FEMA has announced that over the next five years it is set to award $733 million through the Bipartisan Infrastructure Law in dam safety grants to states and territories to enhance dam safety and rehabilitate or remove aging dams in the US.
Its High Hazard Potential Dam Grant and the National Dam Safety State Assistance Grant programs has already awarded $33 million in grants in the fiscal year 2022 to 49 states and one territory for non-federal dams. This includes $15 million through President Biden’s Bipartisan Infrastructure Law. The funding will provide technical, planning, design and construction grants for rehabilitating eligible high-hazard potential dams.
“Dams not only provide vital infrastructure to protect our nation from flooding events, but they also support the economic development of communities nationwide by creating jobs and increasing recreational opportunities for local areas,” said FEMA Administrator Deanne Criswell. “The critical funding provided by President Biden’s Bipartisan Infrastructure Law will help to rehabilitate our nation’s dams and make communities more resilient to climate change and extreme weather events.”
Studies have confirmed non-federal dams require significant rehabilitation. Dam failure can occur with little warning, and it is critical to take actions addressing dams that pose dangers to life and property.
Eligible non-federal dams are:
- Located in a state or territory with a dam safety program.
- Classified as ‘high hazard potential’ by the dam safety agency in the state or territory where the dam is located.
- Have an emergency action plan approved by the state or territorial dam safety agency.
- State or territorial dams, where the dam fails to meet minimum dam safety standards of the state or territory and poses an unacceptable risk to the public.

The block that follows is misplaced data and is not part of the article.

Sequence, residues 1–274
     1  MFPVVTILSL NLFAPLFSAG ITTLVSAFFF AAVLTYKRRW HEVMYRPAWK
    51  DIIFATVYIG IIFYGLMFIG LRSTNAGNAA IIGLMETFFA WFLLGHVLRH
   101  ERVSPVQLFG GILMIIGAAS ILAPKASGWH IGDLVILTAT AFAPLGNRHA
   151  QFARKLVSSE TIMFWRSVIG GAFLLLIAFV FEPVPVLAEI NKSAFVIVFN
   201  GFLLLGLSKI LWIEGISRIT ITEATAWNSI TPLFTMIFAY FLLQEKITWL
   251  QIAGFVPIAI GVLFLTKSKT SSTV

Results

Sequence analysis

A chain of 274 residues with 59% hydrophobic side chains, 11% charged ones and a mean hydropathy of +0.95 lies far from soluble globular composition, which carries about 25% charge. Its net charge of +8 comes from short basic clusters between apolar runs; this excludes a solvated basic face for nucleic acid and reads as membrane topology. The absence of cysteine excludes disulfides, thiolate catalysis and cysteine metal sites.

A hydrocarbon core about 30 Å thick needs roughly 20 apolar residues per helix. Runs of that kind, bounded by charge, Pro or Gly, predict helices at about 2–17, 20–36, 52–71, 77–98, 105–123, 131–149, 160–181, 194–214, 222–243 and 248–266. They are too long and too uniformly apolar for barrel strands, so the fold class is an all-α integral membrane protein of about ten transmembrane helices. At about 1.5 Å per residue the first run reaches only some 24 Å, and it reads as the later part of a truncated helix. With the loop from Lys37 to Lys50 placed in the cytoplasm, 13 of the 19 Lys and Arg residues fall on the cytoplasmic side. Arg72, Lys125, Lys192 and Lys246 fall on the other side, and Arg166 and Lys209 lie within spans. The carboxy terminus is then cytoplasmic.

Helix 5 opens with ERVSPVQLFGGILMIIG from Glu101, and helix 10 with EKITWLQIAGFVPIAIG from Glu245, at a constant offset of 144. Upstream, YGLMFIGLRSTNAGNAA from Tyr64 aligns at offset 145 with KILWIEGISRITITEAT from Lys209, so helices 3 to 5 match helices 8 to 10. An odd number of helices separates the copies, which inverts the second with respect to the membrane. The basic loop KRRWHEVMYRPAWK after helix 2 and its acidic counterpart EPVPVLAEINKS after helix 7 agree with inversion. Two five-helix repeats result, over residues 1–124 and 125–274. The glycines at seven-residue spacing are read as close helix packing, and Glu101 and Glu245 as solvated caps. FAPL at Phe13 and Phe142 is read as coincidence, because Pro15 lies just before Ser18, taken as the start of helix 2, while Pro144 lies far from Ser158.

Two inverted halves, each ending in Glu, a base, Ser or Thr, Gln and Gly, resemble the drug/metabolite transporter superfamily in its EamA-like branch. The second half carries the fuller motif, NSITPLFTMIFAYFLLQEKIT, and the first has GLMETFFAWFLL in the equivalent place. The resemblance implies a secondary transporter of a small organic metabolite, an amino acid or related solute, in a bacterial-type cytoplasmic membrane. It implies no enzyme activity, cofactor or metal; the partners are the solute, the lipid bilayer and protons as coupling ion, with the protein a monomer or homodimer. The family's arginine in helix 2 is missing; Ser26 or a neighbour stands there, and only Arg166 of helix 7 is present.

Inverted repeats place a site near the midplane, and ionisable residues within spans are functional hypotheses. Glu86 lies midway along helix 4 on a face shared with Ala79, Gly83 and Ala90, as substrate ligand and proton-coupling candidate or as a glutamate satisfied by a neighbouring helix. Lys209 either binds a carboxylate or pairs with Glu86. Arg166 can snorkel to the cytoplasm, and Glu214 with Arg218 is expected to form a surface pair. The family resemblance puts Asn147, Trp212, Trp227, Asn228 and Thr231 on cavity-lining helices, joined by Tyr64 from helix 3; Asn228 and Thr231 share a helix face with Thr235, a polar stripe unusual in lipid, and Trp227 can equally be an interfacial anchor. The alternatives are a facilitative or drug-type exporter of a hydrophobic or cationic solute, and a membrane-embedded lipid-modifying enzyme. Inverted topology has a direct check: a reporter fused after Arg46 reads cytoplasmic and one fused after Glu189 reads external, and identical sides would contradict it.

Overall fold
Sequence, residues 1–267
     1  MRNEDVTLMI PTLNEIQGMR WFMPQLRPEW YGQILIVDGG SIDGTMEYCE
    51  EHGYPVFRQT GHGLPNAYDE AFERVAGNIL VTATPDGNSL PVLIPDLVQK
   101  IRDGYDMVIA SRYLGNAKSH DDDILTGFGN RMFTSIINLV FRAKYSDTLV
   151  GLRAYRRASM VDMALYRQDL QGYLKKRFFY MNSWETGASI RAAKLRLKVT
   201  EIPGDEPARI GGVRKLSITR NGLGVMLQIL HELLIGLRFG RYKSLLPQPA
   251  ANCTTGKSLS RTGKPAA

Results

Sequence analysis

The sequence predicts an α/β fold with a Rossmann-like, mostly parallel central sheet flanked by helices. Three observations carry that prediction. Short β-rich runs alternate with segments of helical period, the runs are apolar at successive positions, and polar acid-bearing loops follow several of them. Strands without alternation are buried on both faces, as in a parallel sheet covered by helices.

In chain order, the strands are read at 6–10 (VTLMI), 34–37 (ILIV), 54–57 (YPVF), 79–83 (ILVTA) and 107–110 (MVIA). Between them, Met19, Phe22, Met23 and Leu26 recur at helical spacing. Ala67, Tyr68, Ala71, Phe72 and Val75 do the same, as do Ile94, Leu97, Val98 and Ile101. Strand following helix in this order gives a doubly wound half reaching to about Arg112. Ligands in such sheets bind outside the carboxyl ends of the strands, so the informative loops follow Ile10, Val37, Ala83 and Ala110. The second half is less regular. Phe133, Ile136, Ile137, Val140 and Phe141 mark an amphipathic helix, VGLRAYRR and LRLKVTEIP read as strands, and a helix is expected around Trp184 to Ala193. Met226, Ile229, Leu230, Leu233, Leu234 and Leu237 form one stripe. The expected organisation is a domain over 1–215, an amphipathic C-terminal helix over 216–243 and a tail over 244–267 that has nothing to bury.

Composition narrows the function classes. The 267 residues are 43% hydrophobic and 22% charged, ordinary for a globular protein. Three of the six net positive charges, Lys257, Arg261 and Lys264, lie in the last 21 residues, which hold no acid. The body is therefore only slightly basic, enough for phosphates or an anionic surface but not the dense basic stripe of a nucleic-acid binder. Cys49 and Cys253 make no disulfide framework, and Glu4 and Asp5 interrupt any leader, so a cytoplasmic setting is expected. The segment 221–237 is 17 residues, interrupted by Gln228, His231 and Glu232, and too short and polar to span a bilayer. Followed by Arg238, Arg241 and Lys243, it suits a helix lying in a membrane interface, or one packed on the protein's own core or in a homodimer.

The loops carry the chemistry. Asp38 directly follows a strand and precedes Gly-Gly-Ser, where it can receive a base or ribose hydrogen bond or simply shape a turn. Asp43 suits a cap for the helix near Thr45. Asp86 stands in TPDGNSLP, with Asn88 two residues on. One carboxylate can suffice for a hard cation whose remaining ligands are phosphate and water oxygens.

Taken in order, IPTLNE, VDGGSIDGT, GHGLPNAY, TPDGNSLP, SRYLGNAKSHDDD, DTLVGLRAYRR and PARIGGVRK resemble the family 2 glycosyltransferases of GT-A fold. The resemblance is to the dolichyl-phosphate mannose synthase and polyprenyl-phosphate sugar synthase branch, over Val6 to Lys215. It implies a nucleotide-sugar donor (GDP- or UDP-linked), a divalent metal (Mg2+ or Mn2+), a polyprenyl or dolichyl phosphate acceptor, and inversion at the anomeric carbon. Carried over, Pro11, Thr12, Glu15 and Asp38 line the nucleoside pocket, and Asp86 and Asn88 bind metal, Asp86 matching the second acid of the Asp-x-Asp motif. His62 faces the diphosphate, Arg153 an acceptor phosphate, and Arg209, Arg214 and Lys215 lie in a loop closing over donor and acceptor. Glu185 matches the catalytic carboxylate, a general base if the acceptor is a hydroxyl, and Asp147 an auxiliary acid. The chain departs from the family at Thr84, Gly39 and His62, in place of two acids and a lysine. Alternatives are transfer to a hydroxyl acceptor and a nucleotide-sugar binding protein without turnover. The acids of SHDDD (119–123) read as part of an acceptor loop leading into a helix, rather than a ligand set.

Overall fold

Approximately $22 million of the current $33 million being awarded is through the FEMA High Hazard Potential Dam Grant program, in which eligible applicants are limited to states that have a state dam safety program authorized by state legislation. Funding will provide technical, planning, design and construction assistance grants for rehabilitating eligible high-hazard potential dams across 18 states and Puerto Rico. With nearly $11 million in Bipartisan Infrastructure Law funding, this year’s funding almost doubles the $12 million awarded in the previous grant cycle. These funds were awarded to California, Georgia, Maryland, Michigan, North Carolina, Ohio, Oklahoma and Oregon for construction ready activities for dams.
The other approximately $11 million, including $4 million in Bipartisan Infrastructure Law funds, is available through the National Dam Safety State Assistance Grant Program to establish and maintain effective state programs that ensure dam safety and protect human life and property. Every state with a dam safety program and Puerto Rico will benefit from this funding.
In a state or territory with an enacted dam safety program, the state administrative agency or an equivalent state agency is eligible to apply. Each eligible state may submit only one grant application.